SINGAPORE (THE BUSINESS TIMES) - Po is a new restaurant which has nothing to do with a kungfu fighting panda or a creepy crimson Teletubby. But like the panda whose adoptive father is a noodle-selling goose, and the fuzzy plush-covered alien, the story behind Po is an equally tall tale.
Essentially, it's about two Po's. Popiah - the restaurant's signature dish; and Popo - the fictitious, cheroot-smokin' grandma who cooks the popiah and leaves you a 4D number with your bill. Clever, sassy. But it's just another urban spin on the now-tired heritage tale, conjured up to make hawker food sound trendy and therefore, more expensive.
Heritage food has long passed its altruistic stage as a passionate pursuit to preserve old recipes. Now it's an open invitation to local chefs to take home-spun food memories and, well, mangle them good and proper in the name of creating modern Singaporean cuisine. But by and large, this isn't so much a show of creativity but an inability to cook the real thing. Wanna do modern Singaporean cuisine? Master the real thing first, then talk.
From a packaging perspective, Po has got it down pat. It sits in The Warehouse Hotel - its lobby splendidly restored into an amphitheatre of understated cool. The restaurant exudes casual, indoor patio-like charm with wicker chairs and potted plants. Service is intermittent, with a handful of servers who spend most of our meal either not being around or not allowed to do anything apart from pouring water. The bulk of the responsibility lies on a young man named Jack - a hardworking trouper who is obviously overwhelmed but manages to stay cool and cheerful in spite of it.
Po's menu is devised by consultant chef Willin Low of Wild Rocket fame, who has had the most success in the mod-Sin arena, which he pretty much created. Here, there is at least a stronger emphasis on keeping original flavours intact, although there are forays into fusion territory.
Regardless of what you order, the popiah is served first - priced at S$28 (classic); S$38 (with prawns); and S$58 (flower crab). That makes it at least S$7 for each of the four edible bolsters that you roll yourself, adding condiments such as julienned egg, bean sprouts, crumbled dried fish and peanuts. Since we vote Nonya rather than Hokkien, we're caught off guard by a filling where the bangkwang (turnip) and bamboo shoots have gone AWOL. We're left with a claypot of over-shredded cabbage, carrots and other non-turnip vegetables, not braised in a rich prawn and pork stock with a hint of taucheo (preserved soy beans) but simmered till quite dry with dried prawns for just a hint of brininess but none of the savoury richness we expect. The mixture still makes an acceptable roll with generous sprinkles of dried fish and peanuts, but how much you like it depends on which way you lean in the popiah equation.
From the small plates list we pick kurobuta char siew (S$19) - a smallish platter of sous-vide pork whose tenderness from low-temperature cooking is negated by a harsh glazing and charring process that mimics the crispy edges of conventionally cooked char siew but dries out the flesh. A few juicy slices we encounter show what it could have been.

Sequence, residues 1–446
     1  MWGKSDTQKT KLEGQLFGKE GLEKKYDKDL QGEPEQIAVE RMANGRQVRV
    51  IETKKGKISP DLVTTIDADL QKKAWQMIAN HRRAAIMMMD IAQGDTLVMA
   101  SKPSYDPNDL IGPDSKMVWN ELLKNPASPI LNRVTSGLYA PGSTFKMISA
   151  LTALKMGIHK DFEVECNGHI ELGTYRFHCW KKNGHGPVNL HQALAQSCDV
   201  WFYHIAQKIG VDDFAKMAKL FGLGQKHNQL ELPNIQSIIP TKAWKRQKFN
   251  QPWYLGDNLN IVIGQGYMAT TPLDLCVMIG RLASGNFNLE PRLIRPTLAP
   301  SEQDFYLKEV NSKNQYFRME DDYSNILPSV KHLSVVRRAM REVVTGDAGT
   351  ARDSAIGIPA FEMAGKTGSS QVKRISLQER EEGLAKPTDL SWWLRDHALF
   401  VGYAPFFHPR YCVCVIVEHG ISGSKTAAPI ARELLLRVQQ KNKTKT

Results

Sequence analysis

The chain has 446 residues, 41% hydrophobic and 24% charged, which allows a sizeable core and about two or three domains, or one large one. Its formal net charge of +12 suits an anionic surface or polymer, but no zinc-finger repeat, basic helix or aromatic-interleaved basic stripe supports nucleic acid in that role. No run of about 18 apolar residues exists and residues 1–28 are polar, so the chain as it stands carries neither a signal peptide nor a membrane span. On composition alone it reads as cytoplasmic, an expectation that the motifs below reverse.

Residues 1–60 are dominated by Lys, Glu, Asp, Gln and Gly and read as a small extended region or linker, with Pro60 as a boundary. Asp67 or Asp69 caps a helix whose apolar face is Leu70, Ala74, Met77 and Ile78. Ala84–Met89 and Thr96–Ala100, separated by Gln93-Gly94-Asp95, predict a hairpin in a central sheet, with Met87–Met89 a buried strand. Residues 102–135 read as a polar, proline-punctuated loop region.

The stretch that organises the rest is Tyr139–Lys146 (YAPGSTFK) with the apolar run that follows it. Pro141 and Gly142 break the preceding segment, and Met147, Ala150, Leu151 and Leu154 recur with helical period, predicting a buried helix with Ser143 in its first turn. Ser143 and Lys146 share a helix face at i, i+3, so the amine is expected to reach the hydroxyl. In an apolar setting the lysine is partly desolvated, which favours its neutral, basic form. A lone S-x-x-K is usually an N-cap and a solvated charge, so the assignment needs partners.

The iberico pork satay (S$20) doesn't suffer the same fate. We wish there were more than three sticks of chunky meaty kebabs massaged with fragrant spices - tender and bouncy, you almost don't need the creamy peanut sauce with just the right consistency. But there's grated pineapple in the sauce and we can't resist that.
We are in the midst of singing praises about the Carabinero prawns and konbu mee (S$32) which is Hokkien char by any other name - it looks a mess but it's all satiny, slippery noodles dripping in stock-enriched gravy with a tinge of wok hei and a headiness from sambal belacan - when we see the hair. Yes, these things happen, it is just one strand, we've eaten other chefs' hair before (and someone's plaster once) and, well, chefs can't help having hair. We are about to let it slide . . . until we see the plastic.
In our other dish - sambal forest mushrooms (S$16) - where a little piece of blue plastic has burrowed its way into the promising medley of fungi sauteed in sambal belacan and topped with an onsen egg. Sorry guys, but someone in the kitchen really needs to enforce a zero-tolerance policy when it comes to foreign matter. Poor Jack - he couldn't be more apologetic.
Rather than have a fresh batch cooked for us, we head straight for dessert, which is a humdrum affair. Goreng pisang (S$12) gets its crunch from puffed rice and sweetness from a trickle of gula melaka syrup and so-so ice cream. It's ordinary but still better than the ice cream popiah (S$15) that sounds intriguing but turns out to be a nonsensical gimmick of three scoops of different flavoured ice cream showered with peanut powder on a piece of popiah skin. It does not look wrappable, and even if we did, how would we eat it?
"Are we supposed to wrap it with the skin?" we ask a muscular server who is not Jack. He looks at us as if we have just asked him to take his clothes off and sputters without conviction: "Yes, you wrap it". We don't believe him. We ask Jack, who pauses and says: "Well, you can if you want - some people do that".
Po is a nice-looking restaurant, with relatively nice food, in a very nice hotel. Apart from some slip-ups, you can see what it's trying to achieve. Tourists and the hip set will get it for sure, which is probably the whole point of it. But we ask that it go deeper - with the paper-wrapped chicken, Hokkien char (without the pretentious carabinero prawns), satay, rendang and all the good things Popo would really have cooked. Do that, and Po would have a grandmother's story worth telling.
WHAT OUR RATINGS MEAN
10: The ultimate dining experience
7-7.5: Good to very good
Our review policy: BT pays for all meals at restaurants reviewed on this page. Unless specified, the writer does not accept hosted meals prior to the review's publication.